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Incorrect operations result in failure of hoist

What happened

A chain hoist failure resulted in a chain link breaking which caused an 800kg load to fall to deck from a height of 1 metre. Personnel were working on a wind turbine foundation. A regular shaped load was being moved out of the tower using a chain block suspended from a cantilevered trolley beam on a temporary gantry structure erected on the site. A lifting bag was positioned beneath the gantry structure onto which to lower the winch. When the winch was 1 metre above the lifting bag, one of the chain links on the main chain hoist failed causing the load to fall. No-one was in the line of fire; no-one was injured.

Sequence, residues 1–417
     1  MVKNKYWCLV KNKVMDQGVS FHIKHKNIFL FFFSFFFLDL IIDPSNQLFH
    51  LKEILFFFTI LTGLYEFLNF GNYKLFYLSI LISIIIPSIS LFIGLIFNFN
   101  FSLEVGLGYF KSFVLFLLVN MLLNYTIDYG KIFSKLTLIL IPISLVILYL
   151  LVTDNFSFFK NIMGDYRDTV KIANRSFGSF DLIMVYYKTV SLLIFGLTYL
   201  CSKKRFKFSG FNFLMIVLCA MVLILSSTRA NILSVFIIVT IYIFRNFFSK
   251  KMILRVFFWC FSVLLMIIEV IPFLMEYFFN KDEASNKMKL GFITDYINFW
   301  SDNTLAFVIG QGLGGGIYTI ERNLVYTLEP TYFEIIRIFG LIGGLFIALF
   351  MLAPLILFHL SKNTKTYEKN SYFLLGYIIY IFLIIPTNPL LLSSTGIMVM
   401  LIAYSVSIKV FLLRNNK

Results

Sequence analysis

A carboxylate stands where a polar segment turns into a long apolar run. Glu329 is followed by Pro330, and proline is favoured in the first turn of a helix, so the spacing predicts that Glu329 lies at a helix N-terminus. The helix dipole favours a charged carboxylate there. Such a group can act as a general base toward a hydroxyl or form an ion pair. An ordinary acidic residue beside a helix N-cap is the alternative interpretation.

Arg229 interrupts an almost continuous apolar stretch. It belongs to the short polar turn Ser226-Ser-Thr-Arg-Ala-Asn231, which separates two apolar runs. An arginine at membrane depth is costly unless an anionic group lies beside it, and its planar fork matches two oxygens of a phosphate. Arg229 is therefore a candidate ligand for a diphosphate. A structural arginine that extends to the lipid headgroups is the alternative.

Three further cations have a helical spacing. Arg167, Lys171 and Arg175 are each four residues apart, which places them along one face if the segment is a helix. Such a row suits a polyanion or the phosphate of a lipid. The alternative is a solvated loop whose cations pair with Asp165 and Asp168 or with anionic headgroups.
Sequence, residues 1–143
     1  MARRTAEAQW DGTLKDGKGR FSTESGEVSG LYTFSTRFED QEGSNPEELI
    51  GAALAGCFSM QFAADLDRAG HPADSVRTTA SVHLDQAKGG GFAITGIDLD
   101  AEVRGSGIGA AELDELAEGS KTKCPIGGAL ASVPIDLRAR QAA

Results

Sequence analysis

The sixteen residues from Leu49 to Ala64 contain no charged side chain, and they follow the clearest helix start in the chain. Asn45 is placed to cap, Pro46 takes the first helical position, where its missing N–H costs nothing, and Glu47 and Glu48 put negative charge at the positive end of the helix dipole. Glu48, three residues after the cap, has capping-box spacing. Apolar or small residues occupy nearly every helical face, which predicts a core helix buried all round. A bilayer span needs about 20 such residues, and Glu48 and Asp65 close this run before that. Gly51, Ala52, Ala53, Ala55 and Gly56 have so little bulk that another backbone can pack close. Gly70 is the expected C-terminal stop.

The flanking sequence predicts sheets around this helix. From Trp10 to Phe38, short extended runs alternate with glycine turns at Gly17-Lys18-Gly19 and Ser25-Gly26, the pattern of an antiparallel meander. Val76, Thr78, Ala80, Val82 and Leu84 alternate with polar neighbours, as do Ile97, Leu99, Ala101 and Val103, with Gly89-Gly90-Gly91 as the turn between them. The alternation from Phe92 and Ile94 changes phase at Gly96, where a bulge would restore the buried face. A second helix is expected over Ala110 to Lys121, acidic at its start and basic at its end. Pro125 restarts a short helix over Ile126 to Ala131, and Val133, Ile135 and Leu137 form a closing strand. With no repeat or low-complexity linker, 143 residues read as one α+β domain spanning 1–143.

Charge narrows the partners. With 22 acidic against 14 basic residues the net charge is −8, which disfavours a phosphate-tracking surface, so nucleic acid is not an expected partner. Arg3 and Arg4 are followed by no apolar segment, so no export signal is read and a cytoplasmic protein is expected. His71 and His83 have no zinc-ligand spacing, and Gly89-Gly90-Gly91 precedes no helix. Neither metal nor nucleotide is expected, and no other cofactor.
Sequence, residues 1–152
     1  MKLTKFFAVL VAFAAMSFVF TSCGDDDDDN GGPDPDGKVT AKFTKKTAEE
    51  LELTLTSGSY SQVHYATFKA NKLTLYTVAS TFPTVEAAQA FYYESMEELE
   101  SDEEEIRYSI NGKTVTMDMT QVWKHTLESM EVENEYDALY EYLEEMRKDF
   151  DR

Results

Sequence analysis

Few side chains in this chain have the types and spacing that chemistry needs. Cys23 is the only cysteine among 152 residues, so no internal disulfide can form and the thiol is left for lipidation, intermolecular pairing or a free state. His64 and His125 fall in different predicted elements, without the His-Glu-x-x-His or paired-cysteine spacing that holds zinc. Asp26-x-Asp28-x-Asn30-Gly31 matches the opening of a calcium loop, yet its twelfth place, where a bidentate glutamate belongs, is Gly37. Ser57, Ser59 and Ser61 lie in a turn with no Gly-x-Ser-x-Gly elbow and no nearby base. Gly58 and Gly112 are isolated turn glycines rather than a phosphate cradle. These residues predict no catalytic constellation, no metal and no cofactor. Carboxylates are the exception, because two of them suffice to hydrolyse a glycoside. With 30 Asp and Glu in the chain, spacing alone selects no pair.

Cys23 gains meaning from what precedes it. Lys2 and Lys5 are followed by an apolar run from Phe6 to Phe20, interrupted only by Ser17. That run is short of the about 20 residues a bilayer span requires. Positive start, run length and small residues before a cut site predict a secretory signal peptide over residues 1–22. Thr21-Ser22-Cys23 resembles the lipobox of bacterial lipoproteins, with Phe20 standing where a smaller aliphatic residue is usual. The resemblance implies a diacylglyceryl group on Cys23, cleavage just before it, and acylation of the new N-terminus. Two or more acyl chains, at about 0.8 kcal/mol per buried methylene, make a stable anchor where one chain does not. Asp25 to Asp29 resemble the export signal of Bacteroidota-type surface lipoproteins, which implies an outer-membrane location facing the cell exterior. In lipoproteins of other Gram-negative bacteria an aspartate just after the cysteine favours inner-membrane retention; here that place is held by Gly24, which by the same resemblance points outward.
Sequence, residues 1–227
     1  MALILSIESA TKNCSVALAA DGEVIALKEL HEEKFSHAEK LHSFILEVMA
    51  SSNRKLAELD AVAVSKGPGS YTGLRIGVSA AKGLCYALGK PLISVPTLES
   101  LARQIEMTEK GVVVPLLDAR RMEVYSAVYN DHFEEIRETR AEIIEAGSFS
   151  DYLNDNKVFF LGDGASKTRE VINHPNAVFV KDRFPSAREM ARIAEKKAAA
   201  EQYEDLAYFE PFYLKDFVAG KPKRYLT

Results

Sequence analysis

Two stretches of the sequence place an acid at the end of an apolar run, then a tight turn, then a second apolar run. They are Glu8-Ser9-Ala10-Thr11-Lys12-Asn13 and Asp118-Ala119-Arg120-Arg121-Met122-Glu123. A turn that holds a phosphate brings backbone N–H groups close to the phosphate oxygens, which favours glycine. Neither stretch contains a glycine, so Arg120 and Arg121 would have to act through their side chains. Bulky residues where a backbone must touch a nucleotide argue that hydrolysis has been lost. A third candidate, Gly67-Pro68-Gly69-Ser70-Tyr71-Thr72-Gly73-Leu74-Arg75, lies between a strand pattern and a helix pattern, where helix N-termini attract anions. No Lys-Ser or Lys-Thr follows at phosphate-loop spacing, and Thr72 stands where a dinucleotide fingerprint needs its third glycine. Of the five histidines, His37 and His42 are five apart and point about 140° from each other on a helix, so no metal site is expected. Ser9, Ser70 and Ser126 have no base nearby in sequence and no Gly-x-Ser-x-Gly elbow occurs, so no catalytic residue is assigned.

What went wrong

Findings indicated that at some point during the operation, the chain had entered the hoist in a twisted or knotted configuration and excessive force applied resulted in damage to the chain link which subsequently failed.

  • Insufficient attention was given to ensuring that the chain between the block and the load was not twisted or in a knotted configuration;
  • The headroom between the gantry beam and the tower floor was less than expected which resulted in the chain hook having to be pulled as tightly into the block as possible to keep the load clear of the floor. This put additional load into the chain and block and left nowhere for any residual twist in the chain to go, causing the damage to the chain and its subsequent failure.


When using a chain hoist, consider checking the chain for twists as it enters the block.  Continually monitor the chain to ensure no twisting occurs. Avoid pulling the hook into the body of the hoist.

What went right?

There was no-one in the line of fire! Ensure personnel are always positioned well clear of the line of fire.Members may wish to refer to:

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